The Holton catchment has substantial areas of woodland, largely managed by the Forestry Commission as well as a number of attractive meadows, notably Bernwood Meadows managed by BBOWT. The brook rises in the hills south of Brill before flowing under the M40 south of Boarstall, through agricultural land and pasture to join the Thame above Wheatley. Holton Brook is a stream with a number of tributaries. It receives effluent from three small sewage treatment works at Forest Hill, Horton-cum-Studley and Stanton Harcourt.
In 2015, the Environment Agency classified the Holton Brook as “moderate”. This classification is based on multiple factors, but the main drivers of the moderate status are the phosphate, invertebrates and macrophytes. All other measured factors are currently ranked as “high” or “good”. It is not surprising that phosphate is not good in this catchment due to the three sewage treatment works and multiple septic tank systems that drain in to the Brook. The 2027 objective for the Holton Brook is “good”, including phosphate levels, invertebrates and macrophytes. We hope to work with our partners to reach this objective.
You can find out more about the classification of rivers in our catchment by using the Environment Agency’s Catchment Data Explorer.
The river isn’t the only water that we are concerned with. There are multiple small waters including ponds, ditches and steams. All of which are highlighted on the map below.
Intensive water quality surveys carried out in 2015 have shown that phosphate levels remain very high in this catchment, and concentrated from STWs. Slightly elevated levels at the top of the catchment near Boarstall may reflect the lack of mains drainage. We have worked to engage the local community to ensure that personal sewage systems are maintained to the correct level. Elsewhere some of the streams show low levels of phosphates. However, those streams that have direct connection from the three STWs, and running into the main Holton brook, all show very high levels of phosphates and nitrates. Apart from increased nitrate and phosphate levels, the Brook generally has some nice habitat with excellent potential.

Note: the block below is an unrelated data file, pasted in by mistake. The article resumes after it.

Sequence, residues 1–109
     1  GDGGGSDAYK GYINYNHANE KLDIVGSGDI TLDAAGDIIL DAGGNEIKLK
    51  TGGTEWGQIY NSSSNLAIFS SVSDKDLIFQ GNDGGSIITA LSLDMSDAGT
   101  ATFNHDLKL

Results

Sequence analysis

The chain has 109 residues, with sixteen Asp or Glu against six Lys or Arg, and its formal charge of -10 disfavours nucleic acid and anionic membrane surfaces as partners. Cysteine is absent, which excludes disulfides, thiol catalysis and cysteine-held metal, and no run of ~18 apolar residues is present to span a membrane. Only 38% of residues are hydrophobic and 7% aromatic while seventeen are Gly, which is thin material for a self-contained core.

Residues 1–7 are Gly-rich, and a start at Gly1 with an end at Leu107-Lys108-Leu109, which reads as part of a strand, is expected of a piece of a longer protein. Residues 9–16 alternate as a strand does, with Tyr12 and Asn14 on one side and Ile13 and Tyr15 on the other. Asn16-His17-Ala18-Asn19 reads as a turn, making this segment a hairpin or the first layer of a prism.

We currently have limited numbers of volunteers regularly monitoring in this area, and we are particularly interested in receiving regular water quality data and Riverfly surveys. You can find out more about our volunteer monitoring and how you could get involved in monitoring yourself here.
There are currently no groups that are working specifically on the Holton Brook. If you would like to get involved by starting a local group in your area, then please get in touch.